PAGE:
The debate among liberals over the economy has essentially created two camps. You have economic pessimists/political optimists, who have emphasized the awfulness of the economy, but argue that stronger action (or at least rhetoric) from President Obama could measurably improve things, or at the very least help him avoid the blame. Then you have economic optimists/political pessimists, who insist there's no way to pass better macroeconomic policy, but the economy isn't really as bad as people think. (This is more or less the Obama administration's view.)
Personally, I'm an economic pessimist and a political fatalist. The economy is awful, and it's going to stay awful for a long time. Financial crises tend to produce very, very slow recoveries. But Americans don't really believe in economic stimulus. And even if they did, Republicans have zero incentive to support it. Here's former Bush administration press secretary Ari Fleischer's reaction to this morning's jobs report:
Today's unemployment numbers: Uh-O. And the O stands for Obama.
Yeah, Republicans are perfectly aware that the slow recovery is their best chance to retake power. And no, I don't think they lock that information into a sealed compartment when they figure out their position on legislation that could impact unemployment between now and November 2012.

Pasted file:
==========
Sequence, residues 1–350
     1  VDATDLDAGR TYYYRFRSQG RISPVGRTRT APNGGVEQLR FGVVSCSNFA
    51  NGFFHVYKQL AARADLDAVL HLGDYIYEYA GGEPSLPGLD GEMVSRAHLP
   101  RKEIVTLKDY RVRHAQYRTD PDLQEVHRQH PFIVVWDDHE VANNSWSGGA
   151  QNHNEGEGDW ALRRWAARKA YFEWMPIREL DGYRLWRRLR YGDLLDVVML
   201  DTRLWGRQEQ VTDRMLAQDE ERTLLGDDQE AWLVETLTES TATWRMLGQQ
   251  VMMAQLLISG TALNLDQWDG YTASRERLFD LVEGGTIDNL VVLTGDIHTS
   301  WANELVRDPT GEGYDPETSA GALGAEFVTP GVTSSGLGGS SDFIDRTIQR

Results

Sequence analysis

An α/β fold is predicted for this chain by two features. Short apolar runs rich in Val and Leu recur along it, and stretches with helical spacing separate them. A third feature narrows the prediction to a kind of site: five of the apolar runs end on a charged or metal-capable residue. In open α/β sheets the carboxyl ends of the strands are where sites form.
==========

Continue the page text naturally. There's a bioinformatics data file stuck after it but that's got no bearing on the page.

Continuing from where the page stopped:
I should say I'm not a complete and total fatalist. The Federal Reserve still has a few bullets in its chamber if Ben Bernanke can overcome the phantasmal fears of inflation hawks. Obama could start to do more to champion a few specific policies, like a payroll tax cut, and blame Republicans for opposing them. But otherwise, yes, I have to admit that I think the economic situation is very grim and the political system isn't capable of doing much to fix it.
As for Obama, the underlying economic facts make him vulnerable. But his popularity has held up remarkably well given the underlying economic conditions. At this point, the state of the economy is almost completely beyond his control. All he can impact is the other stuff.